12/30/01 - Dems challenge the GOP's commitment to the working class. And well they should, although to my mind they should stop giving the Prez a pass on domestic issues, war or no. Jonathan Chait surveys the excesses of the Conintern and the demonizing of Tom Daschle. In 2002, the next battle for campaign finance reform looms in the House. Woof, woof. The Globe looks at the rise of trash-talking. So, having turned 27 yesterday (which I celebrated by losing $8.50 in an impromptu poker night at a friend's apartment - so much for birthday mojo) and awaiting 2002 tomorrow, it looks like it's time for that year-end review bit again (2000 retrospective here.) Although in general the years are clearly going by faster, I gotta say, this was a long one. Which I suppose can be expected from a 365-day cycle that included shifts in employment, locale, and marital status - I started this year off a married speechwriter in Washington DC and ended it a divorced graduate student in New York City. All in the spirit of "pressing the reset button on the Playstation 2 of Life," as one friend put it, I suppose. There was also the summer month spent in Hawaii, which far and away stands out as the highlight of this past year. And, of course, there is the shocking matter of 9.11. In a year we were supposed to find life on Europa, we instead saw the Twin Towers fall. Let us hope that the unforgettable events of that day remain a singular and unique tragedy, and not a prelude of darker things to come in the new year. Top 15 Films of the Year (not including those I haven't yet seen, which include Black Hawk Down, Amelie, Royal Tenenbaums, Sexy Beast, Moulin Rouge, Ali, Ghost World, A Beautiful Mind, Monster's Ball, and In the Bedroom): 1. Lord of the Rings: Fellowship of the Ring: I have already sung its praises enough in the past few posts. Suffice to say, it was everything I had hoped for and more. NOT for fanboys and fangirls alone - In fact, given its epic breadth and cinematographic sweep, I'd put it up as a worthy successor to the works of David Lean. Mr. Lucas, the bar has been raised. 2. Memento: In a spring and summer characterized by truly awful blockbusters, this small film proved that a great story is still the best eye-catcher around. A gimmick, perhaps, but flawlessly executed. 3. Traffic: Although it officially came out in 2000, I saw it in the first week of this year. An expertly-made, nuanced glimpse at the drug trade that was good enough to convince policymakers in Washington (among them, John McCain and Orrin Hatch) of the inefficacies of fighting supply at the expense of demand. Gets better with repeated viewings. 4. (tie) The Man Who Wasn't There: The Coen brothers stay in form with this beautifully shot film noir. Never thought I'd say this, but Billy Bob was hypnotic in the title role. 4. (tie) Mulholland Drive: Just when you thought it was safe to see a David Lynch film. After the surprisingly conventional Straight Story, Mulholland proves that David Lynch is still a master craftsman of the mindbender. 6. Monsters, Inc.: Pixar continues its great run. Most other people would probably disagree with me putting this above Shrek, but most other people can make their own lists. The best CGI of the year. 7. Shrek: Shrek was good too, though...clearly the best film to come out over the course of this dreary summer. 8. From Hell: The Hughes Brothers (directors of Menace II Society, still on my all-time top 25) successfully make Alan Moore's Jack the Ripper the meanest mutha in the hood. Heather Graham is lousy as usual, but at least she didn't have the worst British accent of the year. That goes to... 9. Ocean's 11: Seamlessly made caper flick, if in the end a bit breezy. Just plain fun. I hate to say it, but Don Cheadle was bad. 10. Waking Life: Although it's ranked higher than Ocean's 11 in the sidebar, the more I think about it, the more it seems that academic pretension ultimately gets in the way of the stunning animation in this film. Just a little too much name-dropping of theorists, in the final analysis. In other words, it's a bit dry. But still definitely worth a view. Linklater-esque to the extreme. 11. Training Day: Would probably be ranked higher were it not for the last 25 minutes or so, which almost completely ruins what had been a surprisingly good film. Denzel chews the scenery like no other. 12. Thirteen Days: Again, I think this came out in 2000. Nevertheless, I saw it this year, and was surprised by how involving it was. Costner's lame Boston accent couldn't ruin great character work by Bruce Greenwood (JFK), Steven Culp (RFK), and Dylan Baker (McNamara). Should be required viewing for all high school US history classes. 13. Snatch: Guy Ritchie's sophomore outing was better than most of the stuff on American screens this year, but it nevertheless pales in comparison to the joys of Lock Stock. 14. A.I.: A deeply, deeply flawed film. But you know, at least Spielberg was swinging for the fences. And I have to give it to Haley Jo Osment - the kid is good. 15. Vanilla Sky: Strangely disappointing. This really shouldn't be here, since in the end it wasn't very good. But, given what it was up against this year, it sneaks in to the last spot by default. Cameron Diaz was great, though. All in all, a strong fall and winter redeems what had been a grievously bad year for cinema. But, at least from this vantage point, 2002 looks to be chock-full of choice movie morsels for filmgoer and fanboy alike, including LOTR: The Two Towers, Episode II, Spiderman, Tom Hanks's gangster tale The Road to Perdition, David Fincher's The Panic Room, Harry Potter and the Chamber of Secrets (I know, I know, fool me once...), Spielberg/Cruise's sci-fi Minority Report, Blade 2, Adaptation (Spike Jonez and Charlie Kaufman's follow-up to Being John Malkovich, Below (U-571 meets Cthulu), X-Men 2, To the White Sea (the next Coen), Signs, and Star Trek 10. I'm eager to see how they'll all pan out. Happy New Year, everyone. See y'all on the flip side.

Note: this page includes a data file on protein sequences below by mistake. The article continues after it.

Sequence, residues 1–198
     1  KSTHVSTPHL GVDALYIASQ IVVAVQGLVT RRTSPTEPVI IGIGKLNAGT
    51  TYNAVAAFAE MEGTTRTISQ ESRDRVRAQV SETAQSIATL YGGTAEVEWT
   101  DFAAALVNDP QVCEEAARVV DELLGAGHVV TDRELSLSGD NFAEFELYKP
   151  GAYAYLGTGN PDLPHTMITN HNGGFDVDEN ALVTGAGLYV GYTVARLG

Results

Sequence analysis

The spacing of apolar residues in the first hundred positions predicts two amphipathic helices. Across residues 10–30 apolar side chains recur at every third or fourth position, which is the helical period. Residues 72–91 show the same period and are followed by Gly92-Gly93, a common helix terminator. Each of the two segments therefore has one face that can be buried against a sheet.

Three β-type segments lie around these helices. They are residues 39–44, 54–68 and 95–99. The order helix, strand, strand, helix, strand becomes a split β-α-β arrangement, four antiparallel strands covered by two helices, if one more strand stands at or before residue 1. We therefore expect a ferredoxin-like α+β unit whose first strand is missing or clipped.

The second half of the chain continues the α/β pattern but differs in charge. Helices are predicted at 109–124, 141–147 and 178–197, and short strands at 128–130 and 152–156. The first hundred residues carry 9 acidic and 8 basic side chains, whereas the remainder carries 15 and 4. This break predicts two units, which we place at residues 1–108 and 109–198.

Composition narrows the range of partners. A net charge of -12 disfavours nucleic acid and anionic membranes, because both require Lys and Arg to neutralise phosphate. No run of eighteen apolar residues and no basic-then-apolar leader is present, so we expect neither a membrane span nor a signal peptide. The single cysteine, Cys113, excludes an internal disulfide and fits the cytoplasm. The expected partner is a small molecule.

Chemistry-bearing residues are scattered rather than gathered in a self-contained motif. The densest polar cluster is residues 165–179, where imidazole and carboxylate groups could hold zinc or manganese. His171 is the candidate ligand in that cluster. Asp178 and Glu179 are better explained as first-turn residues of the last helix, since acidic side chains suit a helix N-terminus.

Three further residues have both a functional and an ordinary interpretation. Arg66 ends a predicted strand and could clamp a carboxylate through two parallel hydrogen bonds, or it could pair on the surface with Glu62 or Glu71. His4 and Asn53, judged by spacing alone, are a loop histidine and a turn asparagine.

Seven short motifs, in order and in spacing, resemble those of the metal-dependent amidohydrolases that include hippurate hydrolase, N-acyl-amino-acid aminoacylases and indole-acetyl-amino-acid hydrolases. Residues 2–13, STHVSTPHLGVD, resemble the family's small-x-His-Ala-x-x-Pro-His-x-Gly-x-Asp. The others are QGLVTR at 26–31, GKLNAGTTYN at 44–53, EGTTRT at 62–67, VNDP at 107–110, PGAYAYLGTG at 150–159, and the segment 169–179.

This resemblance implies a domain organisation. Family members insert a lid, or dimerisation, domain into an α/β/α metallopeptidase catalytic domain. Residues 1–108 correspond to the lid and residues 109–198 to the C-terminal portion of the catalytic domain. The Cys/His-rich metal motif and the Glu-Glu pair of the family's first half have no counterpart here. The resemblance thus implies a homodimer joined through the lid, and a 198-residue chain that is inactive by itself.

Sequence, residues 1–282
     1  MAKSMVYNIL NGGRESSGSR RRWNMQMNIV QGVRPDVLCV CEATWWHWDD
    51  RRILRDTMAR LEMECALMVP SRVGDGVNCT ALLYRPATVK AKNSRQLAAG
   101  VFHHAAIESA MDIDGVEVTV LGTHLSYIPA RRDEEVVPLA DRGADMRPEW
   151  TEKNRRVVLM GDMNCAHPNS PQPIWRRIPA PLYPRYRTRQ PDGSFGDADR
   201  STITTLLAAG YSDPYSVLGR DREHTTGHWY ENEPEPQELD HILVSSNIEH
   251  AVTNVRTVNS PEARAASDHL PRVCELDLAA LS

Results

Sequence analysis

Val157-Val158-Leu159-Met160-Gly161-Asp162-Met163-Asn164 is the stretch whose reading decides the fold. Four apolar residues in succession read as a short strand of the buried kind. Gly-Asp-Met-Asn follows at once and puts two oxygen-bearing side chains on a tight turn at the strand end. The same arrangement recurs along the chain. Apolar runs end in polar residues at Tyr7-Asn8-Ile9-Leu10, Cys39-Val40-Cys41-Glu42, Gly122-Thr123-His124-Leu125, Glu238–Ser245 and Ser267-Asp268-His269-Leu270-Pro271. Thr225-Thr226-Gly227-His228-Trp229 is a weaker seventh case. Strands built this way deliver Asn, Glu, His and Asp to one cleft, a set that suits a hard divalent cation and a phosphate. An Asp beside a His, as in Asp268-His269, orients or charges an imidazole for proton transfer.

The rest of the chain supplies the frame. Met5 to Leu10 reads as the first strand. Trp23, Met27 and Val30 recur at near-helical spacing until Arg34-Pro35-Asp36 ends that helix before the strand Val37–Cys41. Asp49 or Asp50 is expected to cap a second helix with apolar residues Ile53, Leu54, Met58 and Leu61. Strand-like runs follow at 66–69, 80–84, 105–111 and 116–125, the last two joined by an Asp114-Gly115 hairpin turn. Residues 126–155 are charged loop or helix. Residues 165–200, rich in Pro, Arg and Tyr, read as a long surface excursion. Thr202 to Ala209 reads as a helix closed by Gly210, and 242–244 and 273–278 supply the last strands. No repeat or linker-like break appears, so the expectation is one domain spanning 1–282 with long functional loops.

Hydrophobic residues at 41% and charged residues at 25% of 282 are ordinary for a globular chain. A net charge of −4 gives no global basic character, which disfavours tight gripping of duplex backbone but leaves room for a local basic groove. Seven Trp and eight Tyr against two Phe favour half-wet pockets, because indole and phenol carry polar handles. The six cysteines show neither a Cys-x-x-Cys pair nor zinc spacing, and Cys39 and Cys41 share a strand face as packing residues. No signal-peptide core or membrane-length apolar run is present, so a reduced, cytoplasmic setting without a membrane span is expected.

12/25/01 - MERRY CHRISTMAS, from Berk and I to all of you. We both received many nice gifts this year. As you might imagine, Berk got the traditional dog trifecta of bones, balls, and biscuits. As for me, I received (among other things) some games, some books, some DVD's, a case of Red Bull (mmm...Red Bull), and a Colonel Sanders Bobblehead. What more can anyone ask for? When this American Ballet Theatre soloist casually tosses double pirouettes between the fouette turns in the coda of the Black Swan pas de deux, then nails the finish as if to say "Ok, now give me something hard!" you realize 23-year-old Gillian Murphy is a wonder.. Gill is chosen as one of 2002's 25 Dancers to Watch by Dance Magazine. (On newsstands, not yet online.) Bah, humbug! When it comes to foreign aid, Uncle Sam plays Uncle Scrooge. Recession hits the states...here's a pretty good example of why mandatory balanced budgets are good in theory, lousy in practice. Archaeologists discover remains of Turkish Celts, backing up Old Testament references to Galatians. The Village Voice looks at the 2002 Progressive agenda for a Lefty New Year. Not to be outdone by China's recent moves, Japan enters the Space Race. The more the merrier, I say. Here come the Men in Black...again. Looks likes more of the same. Oh, who gives a rip about ZuZu's Petals...we're goin' to Potterville! Things have changed...Rod Thorn, formerly Stern's top enforcer, decries league punishment for Kenyon Martin. Can't touch the superstars, Kenyon, even if they're as washed up as Karl. Seen Fellowship thrice now, and I must say it's holding up quite well. Much better after a second viewing, once I could get over the hype anxiety and just watch the movie. Need a nudge to go see it, non-Tolkien folk? Here's W.H. Auden's reviews of both Fellowship and Return of the King. The first term is done! Those three twenty-five-pagers were a beast but, hey, it still beat working for a living. Next semester, I'll be honing in on my field (early 20th century), with Alan Brinkley and Eric Foner as profs. Should be grand.